5 thoughts on “Movie Review – Flags Of Our Fathers

  1. Wow. Lots to write here but you've covered the film so well. I've been a fan of Eastwood's since forever and the films you list of his are some of my favorites from any filmmaker in the past decade plus. His slow, methodical approach never seems contrived, though at times he is prone to hanging a bit on the edges of our resolve to see how far he can push us toward tears – but I look forward to that. I love him for it. I think your observations about the two 'back-to-back' films are accurate, though my gut pushes me more toward feeling like the biggest strain on this film was precisely the need to make Letters at the same time. I think it is difficult enough to keep one film in check, to hit the points, to give the characters much needed development, breathing room, etc., not to mention the importance of getting the story right. Your last line seems to beg more but summarizes nicely, "cold..with glimpses of awesome."

    cheers->

    1. Cheers Rory, appreciate the comments. I agree, I think Eastwood is among the best filmmakers working today, and considering he's been in the game for the majority of the last fifty years or more, that's saying a lot. Had he made this film a few years before he did Letters To Iwo Jima, I'd have probably given this film a lower score, but the double whammy of this one-two war double punch, and the quality of both films as an end result, is indicative of Eastwood's ability to create and carve out genuinely moving material.

      Flags Of Our Fathers probably wouldn't have been as good a film as I gave it credit for if Letters hadn't followed it up.

  2. I wasn't as impressed by this as I have been by Clint Eastwood's other output over the last few years. But I agree with your point about the general quality of both films given they were made so closely together. I just felt Flags of Our Fathers lacked a sense of individuality and its war sequences, although brilliantly realised, were rather uninspired. But going back to Eastwood – it's quite unbelievable that while many directors best days are well behind them when they enter their later years, he seems to be peaking with the likes of Million Dollar Baby and Gran Torino. Not only that, but he's making films at a good rate – Spielberg and Scorsese can't maintain this level of output.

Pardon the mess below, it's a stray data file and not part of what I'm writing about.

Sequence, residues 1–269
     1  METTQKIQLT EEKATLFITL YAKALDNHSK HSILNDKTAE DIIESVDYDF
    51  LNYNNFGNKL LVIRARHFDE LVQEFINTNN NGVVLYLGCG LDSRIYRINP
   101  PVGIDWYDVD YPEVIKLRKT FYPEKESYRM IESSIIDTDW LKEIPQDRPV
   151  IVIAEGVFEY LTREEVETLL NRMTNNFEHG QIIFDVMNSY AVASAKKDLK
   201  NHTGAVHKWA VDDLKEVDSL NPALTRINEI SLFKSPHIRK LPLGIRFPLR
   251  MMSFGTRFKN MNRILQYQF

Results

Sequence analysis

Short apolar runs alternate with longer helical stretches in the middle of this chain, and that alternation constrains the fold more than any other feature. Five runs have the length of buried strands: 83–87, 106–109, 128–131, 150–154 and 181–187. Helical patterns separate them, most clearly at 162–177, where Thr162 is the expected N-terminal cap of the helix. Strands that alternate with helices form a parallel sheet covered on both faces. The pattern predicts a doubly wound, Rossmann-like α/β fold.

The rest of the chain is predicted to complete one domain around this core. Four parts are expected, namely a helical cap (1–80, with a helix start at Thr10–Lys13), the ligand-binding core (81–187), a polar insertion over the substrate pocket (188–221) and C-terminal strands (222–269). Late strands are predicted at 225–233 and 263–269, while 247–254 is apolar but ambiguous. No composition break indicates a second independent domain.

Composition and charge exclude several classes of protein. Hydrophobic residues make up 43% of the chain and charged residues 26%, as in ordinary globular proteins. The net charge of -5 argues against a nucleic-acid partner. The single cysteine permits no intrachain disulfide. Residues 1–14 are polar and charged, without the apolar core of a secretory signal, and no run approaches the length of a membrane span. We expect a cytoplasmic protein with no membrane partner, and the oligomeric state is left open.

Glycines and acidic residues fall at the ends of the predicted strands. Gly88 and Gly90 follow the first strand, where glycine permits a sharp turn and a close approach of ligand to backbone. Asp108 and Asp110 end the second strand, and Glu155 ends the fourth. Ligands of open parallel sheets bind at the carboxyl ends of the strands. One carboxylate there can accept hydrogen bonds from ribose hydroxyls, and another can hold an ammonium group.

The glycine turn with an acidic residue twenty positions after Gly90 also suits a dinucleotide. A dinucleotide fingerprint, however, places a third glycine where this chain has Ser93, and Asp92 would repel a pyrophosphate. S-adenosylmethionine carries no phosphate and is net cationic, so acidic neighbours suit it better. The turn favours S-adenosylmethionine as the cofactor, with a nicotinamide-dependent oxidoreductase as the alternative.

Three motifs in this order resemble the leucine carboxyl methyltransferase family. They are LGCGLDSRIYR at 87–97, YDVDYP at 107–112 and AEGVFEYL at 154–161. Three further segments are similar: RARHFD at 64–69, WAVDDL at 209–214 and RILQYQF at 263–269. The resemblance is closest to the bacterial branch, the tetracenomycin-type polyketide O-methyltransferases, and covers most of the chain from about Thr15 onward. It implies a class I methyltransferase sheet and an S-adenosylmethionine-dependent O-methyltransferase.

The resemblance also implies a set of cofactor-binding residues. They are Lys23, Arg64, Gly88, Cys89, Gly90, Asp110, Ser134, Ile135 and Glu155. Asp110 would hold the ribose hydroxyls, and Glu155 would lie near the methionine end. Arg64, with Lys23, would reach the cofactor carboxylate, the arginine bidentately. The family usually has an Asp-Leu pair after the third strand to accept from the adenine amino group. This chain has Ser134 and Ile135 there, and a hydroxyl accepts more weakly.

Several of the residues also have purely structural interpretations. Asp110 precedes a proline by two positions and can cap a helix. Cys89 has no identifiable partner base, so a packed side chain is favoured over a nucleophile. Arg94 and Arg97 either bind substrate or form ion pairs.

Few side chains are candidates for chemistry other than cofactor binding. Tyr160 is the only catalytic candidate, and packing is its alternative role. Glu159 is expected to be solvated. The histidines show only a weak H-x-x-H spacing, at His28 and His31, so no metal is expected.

3. I wasn’t a big fan of this movie myself. I felt the movie spent too much time outside of the battlefield and it just to a screeching halt every single time it did. Loved Letters From Iwo Jima though.

    1. Thanks Castor! Fair point about the non-battle stuff in this film, it did tend to bring the film to a halt a fair bit, although I could see what Eastwood was trying to accomplish with it all.

      I also enjoyed Letters from Iwo Jima, and my review of that film will be online here later in the year!

      Thanks again!

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